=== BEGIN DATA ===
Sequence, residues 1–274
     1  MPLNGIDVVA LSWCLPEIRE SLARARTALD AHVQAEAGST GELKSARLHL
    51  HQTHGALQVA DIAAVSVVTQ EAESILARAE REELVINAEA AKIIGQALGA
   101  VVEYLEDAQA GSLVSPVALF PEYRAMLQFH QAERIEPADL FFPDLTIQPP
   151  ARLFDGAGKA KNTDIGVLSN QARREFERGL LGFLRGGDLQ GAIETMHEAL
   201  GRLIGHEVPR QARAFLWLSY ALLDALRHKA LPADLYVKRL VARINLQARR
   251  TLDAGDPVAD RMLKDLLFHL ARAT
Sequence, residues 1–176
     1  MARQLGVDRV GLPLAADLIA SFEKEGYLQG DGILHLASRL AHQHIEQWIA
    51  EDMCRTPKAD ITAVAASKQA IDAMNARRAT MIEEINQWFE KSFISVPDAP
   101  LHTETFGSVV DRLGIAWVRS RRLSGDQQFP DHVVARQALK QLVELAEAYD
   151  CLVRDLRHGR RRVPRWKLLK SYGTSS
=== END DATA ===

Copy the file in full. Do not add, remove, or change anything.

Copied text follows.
Sequence, residues 1–274
     1  MPLNGIDVVA LSWCLPEIRE SLARARTALD AHVQAEAGST GELKSARLHL
    51  HQTHGALQVA DIAAVSVVTQ EAESILARAE REELVINAEA AKIIGQALGA
   101  VVEYLEDAQA GSLVSPVALF PEYRAMLQFH QAERIEPADL FFPDLTIQPP
   151  ARLFDGAGKA KNTDIGVLSN QARREFERGL LGFLRGGDLQ GAIETMHEAL
   201  GRLIGHEVPR QARAFLWLSY ALLDALRHKA LPADLYVKRL VARINLQARR
   251  TLDAGDPVAD RMLKDLLFHL ARAT
Sequence, residues 1–176
     1  MARQLGVDRV GLPLAADLIA SFEKEGYLQG DGILHLASRL AHQHIEQWIA
    51  EDMCRTPKAD ITAVAASKQA IDAMNARRAT MIEEINQWFE KSFISVPDAP
   101  LHTETFGSVV DRLGIAWVRS RRLSGDQQFP DHVVARQALK QLVELAEAYD
   151  CLVRDLRHGR RRVPRWKLLK SYGTSS